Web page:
Under the second project at issue, the department purchased about $584,000 in equipment in April 2016 to build and implement a video infrastructure to improve the existing Voice over Internet Protocol system available to state entities, Moore said. The equipment was purchased from the vendor through "reseller B" and as of Feb. 17 the department had yet to utilize part of this equipment costing $255,000, he said.
Myers said in his letter that as to why the gear has not been installed is unknown to him because the department has ongoing efforts to add unified communication capabilities to the Department of Parks and Tourism and the Department of Finance and Administration.
The information department is preparing a strategy on how best to utilize that equipment, Jones said.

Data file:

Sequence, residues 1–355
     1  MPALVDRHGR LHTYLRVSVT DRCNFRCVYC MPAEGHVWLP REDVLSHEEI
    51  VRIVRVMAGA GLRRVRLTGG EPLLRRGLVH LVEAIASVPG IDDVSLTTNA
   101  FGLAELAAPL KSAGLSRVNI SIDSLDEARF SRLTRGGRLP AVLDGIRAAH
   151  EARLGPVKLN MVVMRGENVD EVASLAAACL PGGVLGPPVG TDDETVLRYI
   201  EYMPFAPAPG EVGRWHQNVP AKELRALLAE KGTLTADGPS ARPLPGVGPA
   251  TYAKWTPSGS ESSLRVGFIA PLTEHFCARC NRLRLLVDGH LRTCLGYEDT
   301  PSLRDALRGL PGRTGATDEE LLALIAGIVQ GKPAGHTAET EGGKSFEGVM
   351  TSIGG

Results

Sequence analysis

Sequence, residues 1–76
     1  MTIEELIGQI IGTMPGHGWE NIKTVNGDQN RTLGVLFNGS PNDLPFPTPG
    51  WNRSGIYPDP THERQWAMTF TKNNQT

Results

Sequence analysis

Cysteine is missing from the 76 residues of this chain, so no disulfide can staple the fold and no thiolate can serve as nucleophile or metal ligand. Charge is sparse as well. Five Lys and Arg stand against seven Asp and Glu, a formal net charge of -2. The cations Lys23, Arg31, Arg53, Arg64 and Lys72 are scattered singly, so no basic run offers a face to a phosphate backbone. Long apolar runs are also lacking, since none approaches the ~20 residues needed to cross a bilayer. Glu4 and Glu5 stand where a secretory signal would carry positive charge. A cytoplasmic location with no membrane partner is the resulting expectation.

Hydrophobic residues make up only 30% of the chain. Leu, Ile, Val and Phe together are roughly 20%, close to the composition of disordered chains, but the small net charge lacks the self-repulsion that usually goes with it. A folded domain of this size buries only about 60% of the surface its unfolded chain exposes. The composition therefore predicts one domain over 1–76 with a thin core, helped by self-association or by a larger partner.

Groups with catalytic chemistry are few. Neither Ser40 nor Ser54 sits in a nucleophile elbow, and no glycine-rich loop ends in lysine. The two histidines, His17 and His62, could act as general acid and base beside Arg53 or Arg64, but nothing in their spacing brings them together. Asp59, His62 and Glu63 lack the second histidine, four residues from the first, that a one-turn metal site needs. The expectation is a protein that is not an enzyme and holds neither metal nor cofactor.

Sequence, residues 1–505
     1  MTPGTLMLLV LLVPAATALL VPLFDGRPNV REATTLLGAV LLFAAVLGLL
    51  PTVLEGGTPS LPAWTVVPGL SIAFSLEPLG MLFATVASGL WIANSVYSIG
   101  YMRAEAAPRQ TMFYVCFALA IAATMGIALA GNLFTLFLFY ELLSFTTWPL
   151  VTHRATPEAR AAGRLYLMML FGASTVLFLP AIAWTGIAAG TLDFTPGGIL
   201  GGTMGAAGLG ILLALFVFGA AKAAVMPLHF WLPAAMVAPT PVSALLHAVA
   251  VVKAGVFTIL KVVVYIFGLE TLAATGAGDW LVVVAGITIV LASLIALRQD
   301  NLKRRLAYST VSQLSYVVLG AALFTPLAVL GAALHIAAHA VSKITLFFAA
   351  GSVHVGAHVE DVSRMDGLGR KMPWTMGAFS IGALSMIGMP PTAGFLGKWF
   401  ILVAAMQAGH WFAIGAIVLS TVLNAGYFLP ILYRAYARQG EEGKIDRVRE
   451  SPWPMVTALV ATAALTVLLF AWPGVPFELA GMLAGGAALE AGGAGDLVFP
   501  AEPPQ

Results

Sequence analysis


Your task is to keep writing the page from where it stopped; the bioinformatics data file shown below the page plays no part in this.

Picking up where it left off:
The third project involves working with the state Department of Education to provide a secure network to increase bandwidth to schools, according to Moore.
"Agency staff indicated that several networking retailers were contacted to discuss parts of the upgrade project," he said. "However, after only a short period of time, the former director decided to use the vendor and reseller B before any other quotes were received, resulting in the purchase of $6,973,000 in vendor equipment from reseller B.
"While the agency was able to increase bandwidth to the school districts, the use of the vendor without obtaining sufficient input from agency personnel with technical knowledge appears to be questionable and not in the best interest of the state," Moore said.
Myers said in his letter that he consulted with the information department's then-chief operating officer "at every step of the way for this procurement choice and process." The Legislative Council approved the purchase in the spring of 2015, the letter said.
In its response to the audit, the department said it will formalize its accepted practice for agency personnel with technical knowledge to determine "the best breed and pricing factors" before making a recommendation to the department's director.
Metro on 06/09/2017
Print Headline: Auditor says ex-official skirted law